The Hows and Whys of Enterprise IM

 
 
By eweek  |  Posted 2003-11-10 Email Print this article Print
 
 
 
 
 
 
 

eWEEK Labs answers questions about instant messaging.

Following are eWEEK Labs answers to questions posed by attendees of the Oct. 29 eSeminar, "Instant messaging: Extending your platform." For more information on Ziff Davis Media Inc. eSeminars, go to www.webseminarslive.com. Why would I implement this whole new technology when e-mail can do all that IM can?

Instant messaging works well for situations when a delayed answer is, effectively, no answer. It combines the immediacy of the telephone with the auditability of e-mail, as well as the data-type diversity of any digital platform.

If treated as just another kind of e-mail, IM can be as intrusive as the telephone while being just as wasteful of storage and other resources as e-mail is becoming; if viewed in the context of new business processes that it can enable, IM has far more strategic potential.

Are there IM solutions that can be integrated with enterprise applications such as workflow apps? How do you see that growing in the future?

The integration of IM technology with other resources, such as the IM interrogation of databases or other real-time data feeds, is perhaps the most important opportunity that enterprise IM can create.

The high-level communication framework that Microsoft [Corp.] code-named Indigo, part of the "Longhorn" portfolio, looked like the most important enabler yet seen for development of new applications of this kind when it was shown at Microsofts Professional Developers Conference in Los Angeles at the end of October.

At the back end, though, Indigo produces and consumes "plain vanilla" Web services protocols, and developers should be accelerating their uptake and advancing their skills in this direction no matter what platforms they choose to use at their end points.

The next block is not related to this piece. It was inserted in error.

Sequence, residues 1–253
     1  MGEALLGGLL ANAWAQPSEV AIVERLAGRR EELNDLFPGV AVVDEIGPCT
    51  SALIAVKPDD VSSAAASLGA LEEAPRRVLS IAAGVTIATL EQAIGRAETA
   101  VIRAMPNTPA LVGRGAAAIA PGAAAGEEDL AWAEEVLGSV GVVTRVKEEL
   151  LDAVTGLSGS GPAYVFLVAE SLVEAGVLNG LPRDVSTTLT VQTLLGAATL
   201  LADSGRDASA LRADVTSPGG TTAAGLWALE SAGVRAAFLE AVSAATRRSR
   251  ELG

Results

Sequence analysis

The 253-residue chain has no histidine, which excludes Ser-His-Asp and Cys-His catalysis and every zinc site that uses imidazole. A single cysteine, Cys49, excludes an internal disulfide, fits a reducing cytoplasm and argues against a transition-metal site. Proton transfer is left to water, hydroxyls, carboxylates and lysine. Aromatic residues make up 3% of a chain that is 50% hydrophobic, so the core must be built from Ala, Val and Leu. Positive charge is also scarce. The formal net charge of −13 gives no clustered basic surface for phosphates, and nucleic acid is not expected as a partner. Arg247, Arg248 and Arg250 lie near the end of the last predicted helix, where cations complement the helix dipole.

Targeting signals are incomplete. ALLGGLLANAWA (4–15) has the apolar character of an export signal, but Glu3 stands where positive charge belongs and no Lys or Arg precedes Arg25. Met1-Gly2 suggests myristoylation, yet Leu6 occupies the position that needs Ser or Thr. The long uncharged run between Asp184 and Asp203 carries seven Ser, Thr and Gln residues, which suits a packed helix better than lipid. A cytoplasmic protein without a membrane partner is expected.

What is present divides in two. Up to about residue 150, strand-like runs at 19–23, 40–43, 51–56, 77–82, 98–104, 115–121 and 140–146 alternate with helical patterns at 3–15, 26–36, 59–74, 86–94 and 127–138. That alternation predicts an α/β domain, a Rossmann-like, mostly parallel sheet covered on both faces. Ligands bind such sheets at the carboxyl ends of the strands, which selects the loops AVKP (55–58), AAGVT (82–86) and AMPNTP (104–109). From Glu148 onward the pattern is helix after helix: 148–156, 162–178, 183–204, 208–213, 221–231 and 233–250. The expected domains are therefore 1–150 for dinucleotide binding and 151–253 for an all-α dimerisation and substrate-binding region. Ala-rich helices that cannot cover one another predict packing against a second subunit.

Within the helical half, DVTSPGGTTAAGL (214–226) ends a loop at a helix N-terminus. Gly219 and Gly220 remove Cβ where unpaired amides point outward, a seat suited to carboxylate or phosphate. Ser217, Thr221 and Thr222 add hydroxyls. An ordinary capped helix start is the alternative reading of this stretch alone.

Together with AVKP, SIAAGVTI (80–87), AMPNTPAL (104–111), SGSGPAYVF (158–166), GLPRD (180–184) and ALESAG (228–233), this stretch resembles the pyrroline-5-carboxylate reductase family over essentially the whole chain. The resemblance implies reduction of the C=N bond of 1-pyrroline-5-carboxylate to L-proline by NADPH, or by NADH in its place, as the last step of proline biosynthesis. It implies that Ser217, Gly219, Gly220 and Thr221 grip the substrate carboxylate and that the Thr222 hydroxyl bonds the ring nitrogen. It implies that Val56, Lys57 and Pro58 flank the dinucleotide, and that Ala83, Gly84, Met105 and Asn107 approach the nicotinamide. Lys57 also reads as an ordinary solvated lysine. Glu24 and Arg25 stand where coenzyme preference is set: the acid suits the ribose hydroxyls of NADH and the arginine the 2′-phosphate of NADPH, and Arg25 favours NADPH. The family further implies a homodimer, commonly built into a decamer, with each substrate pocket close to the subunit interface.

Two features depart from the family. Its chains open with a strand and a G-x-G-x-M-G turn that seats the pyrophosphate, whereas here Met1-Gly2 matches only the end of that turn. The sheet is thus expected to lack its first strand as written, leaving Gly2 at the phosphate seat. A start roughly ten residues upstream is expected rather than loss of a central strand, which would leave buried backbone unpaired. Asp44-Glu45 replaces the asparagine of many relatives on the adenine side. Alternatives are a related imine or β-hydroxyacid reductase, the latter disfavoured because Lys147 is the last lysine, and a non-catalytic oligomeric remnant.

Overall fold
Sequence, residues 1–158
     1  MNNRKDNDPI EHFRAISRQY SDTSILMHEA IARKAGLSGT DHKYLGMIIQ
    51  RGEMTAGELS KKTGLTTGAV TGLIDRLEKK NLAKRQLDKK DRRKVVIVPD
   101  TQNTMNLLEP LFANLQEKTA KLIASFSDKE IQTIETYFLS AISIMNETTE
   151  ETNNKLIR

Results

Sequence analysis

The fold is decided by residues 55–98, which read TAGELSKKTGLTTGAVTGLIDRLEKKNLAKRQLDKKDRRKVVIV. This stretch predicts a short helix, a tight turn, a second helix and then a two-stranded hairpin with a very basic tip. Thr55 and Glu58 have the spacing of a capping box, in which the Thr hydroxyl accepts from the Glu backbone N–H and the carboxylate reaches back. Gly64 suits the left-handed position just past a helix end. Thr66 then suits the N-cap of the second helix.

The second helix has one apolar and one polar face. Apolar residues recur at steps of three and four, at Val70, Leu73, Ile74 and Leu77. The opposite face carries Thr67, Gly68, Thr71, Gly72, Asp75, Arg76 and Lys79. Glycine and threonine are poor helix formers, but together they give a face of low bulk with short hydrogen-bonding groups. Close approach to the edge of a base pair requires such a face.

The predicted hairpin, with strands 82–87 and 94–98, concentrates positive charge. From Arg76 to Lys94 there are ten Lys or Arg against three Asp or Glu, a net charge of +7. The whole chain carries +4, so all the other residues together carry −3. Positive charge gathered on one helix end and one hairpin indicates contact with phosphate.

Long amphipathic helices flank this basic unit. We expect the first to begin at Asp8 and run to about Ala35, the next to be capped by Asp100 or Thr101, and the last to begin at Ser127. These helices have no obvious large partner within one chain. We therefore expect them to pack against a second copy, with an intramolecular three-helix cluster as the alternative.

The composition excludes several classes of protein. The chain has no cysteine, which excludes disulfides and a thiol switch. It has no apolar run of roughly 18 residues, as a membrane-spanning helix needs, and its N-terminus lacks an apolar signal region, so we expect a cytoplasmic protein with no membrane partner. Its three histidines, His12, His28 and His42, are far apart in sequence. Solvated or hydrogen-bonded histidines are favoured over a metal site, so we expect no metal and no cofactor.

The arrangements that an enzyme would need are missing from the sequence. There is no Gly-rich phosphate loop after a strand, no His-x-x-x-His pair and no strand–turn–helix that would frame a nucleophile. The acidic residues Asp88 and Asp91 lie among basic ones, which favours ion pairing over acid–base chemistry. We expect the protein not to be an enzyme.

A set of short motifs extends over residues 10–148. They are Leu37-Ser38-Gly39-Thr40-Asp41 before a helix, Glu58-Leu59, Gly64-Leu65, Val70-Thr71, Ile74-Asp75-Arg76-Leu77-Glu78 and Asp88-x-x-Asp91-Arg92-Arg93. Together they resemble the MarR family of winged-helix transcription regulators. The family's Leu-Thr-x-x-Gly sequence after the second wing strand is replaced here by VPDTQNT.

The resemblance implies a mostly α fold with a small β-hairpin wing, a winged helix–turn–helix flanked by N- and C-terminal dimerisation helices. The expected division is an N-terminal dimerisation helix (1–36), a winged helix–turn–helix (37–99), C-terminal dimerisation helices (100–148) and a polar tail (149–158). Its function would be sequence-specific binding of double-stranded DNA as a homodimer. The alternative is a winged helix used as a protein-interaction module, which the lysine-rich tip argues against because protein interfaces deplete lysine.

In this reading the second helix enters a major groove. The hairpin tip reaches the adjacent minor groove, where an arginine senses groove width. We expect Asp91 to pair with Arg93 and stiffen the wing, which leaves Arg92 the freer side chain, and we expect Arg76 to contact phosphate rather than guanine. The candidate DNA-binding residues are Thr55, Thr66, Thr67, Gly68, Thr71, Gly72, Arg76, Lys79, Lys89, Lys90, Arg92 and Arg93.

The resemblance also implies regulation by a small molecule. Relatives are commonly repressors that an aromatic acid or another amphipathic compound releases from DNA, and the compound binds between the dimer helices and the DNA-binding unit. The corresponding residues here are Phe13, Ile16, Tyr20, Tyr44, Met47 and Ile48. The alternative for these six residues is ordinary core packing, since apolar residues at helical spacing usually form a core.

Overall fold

With respect to 128-bit encryption, can bandwidth consumption be an issue, requiring higher technologies with respect to bandwidth?

Encryption, authentication and other security measures bring with them both processing workloads and bandwidth overheads. Whats important is not to think of these measures in terms of "strong" or "weak" but in terms of the lifetime of the value of the data thats being protected.

If information is only valuable to an attacker if its intercepted while still fresh, perhaps within minutes of a transaction or a confidential communication, then it doesnt take much protection to vitiate that value and send the attacker looking for more accessible targets. If information needs to be kept confidential for months, or even years, then strong encryption and even high-level physical security of offline media—with rigorous data storage pruning—are necessary costs.

Since HIPAA [Health Insurance Portability and Accountability Act] requires encryption of data, wouldnt content filtering of that same data be in direct violation of HIPAA itself?

Its classically the problem that when legislation dictates the application of technology, it exposes the lack of technical knowledge on the part of legislators and those who write the laws that they pass. Case law, inevitably and expensively, winds up answering the questions that arise when a law appears to impose mutually exclusive demands.



 
 
 
 
 
 
 
 
 
 
 

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